Duration-weighted impressions could be the most significant change in the underlying currency used by advertisers and agencies to value ad buys across media, but the concept has relatively little awareness and/or understanding on Madison Avenue.
Only a third of ad executives interviewed by Advertiser Perceptions last month said they were even aware of the new metric, which will become the industry standard for evaluating cross-media advertising campaigns, effective in 2021.
In March, the Media Rating Council said it was delaying the duration weighting until 2021 to give the industry time to adjust to the new metric. At that time, MRC CEO and Executive Director George Ivie told MediaPost that request to delay its rollout was coming mostly from the “demand-side,” meaning advertisers and/or agencies.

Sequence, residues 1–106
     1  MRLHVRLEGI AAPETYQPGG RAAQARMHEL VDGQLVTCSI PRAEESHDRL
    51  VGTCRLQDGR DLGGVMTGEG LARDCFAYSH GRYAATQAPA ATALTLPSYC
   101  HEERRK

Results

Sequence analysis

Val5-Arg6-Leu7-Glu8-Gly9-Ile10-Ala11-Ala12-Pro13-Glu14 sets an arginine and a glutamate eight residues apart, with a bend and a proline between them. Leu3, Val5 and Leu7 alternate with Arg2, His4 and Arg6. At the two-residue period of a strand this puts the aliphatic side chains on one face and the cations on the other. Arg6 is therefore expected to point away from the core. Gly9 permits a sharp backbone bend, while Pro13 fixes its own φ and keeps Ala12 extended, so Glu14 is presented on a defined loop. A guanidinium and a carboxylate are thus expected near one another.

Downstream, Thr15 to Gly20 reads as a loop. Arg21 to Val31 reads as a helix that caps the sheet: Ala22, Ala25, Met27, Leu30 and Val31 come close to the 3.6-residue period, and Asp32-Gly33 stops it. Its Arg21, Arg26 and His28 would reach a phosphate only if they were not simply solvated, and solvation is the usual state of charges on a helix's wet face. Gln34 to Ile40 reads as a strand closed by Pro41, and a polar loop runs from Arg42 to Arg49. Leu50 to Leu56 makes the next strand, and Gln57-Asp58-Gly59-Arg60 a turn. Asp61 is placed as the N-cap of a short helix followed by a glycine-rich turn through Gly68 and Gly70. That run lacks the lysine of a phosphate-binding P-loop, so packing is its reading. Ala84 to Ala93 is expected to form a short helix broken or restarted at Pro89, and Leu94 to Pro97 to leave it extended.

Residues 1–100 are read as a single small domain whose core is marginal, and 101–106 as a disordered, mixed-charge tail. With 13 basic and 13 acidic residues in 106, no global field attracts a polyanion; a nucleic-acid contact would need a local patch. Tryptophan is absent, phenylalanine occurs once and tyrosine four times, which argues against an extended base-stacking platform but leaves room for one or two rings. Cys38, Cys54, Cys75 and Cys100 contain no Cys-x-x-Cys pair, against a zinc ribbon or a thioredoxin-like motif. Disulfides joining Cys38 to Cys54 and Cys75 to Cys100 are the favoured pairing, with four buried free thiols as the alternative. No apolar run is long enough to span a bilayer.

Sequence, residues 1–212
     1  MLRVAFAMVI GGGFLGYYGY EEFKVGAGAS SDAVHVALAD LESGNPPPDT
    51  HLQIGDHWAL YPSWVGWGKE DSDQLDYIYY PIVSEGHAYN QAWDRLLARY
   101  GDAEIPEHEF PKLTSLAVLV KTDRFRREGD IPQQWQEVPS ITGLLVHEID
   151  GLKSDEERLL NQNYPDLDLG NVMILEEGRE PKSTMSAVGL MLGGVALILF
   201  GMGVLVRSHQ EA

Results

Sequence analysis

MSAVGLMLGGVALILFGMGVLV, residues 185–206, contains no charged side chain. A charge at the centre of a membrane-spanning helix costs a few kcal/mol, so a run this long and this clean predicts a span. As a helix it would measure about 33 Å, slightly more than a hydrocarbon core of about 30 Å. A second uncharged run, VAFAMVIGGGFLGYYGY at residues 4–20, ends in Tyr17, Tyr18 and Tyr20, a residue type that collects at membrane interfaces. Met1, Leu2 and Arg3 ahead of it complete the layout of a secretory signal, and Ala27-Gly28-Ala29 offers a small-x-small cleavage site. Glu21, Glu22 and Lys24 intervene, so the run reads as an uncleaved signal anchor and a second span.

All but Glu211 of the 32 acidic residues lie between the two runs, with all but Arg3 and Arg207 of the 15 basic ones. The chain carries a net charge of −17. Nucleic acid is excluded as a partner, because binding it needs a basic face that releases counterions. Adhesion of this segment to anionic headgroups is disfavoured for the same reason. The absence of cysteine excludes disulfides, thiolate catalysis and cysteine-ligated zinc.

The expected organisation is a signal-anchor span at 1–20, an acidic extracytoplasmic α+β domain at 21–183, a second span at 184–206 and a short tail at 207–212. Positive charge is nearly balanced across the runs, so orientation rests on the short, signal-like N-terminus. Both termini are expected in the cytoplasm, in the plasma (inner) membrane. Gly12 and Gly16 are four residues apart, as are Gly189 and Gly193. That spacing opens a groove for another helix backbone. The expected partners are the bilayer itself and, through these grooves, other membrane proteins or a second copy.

Interestingly, even among the 33% of ad execs who said they were aware of duration-weighted impressions, only a third of them said they understood the concept very well.
In a nutshell, the method uses a common denominator of time for measuring the impressions value of viewable video ad delivery across media media, including TV, online and mobile screens.
Some supply-side stakeholders have also expressed concerns about the change, implying that it might not be the most equitable way of assigning impression value across screens, but have been reluctant to suggest an alternative method.
Asked on an open-ended basis what they believe is the best “denominator” to use for comparing ad impressions across media, 77% of ad execs responding to the Advertiser Perceptions study cited “time” (see open-ended responses below).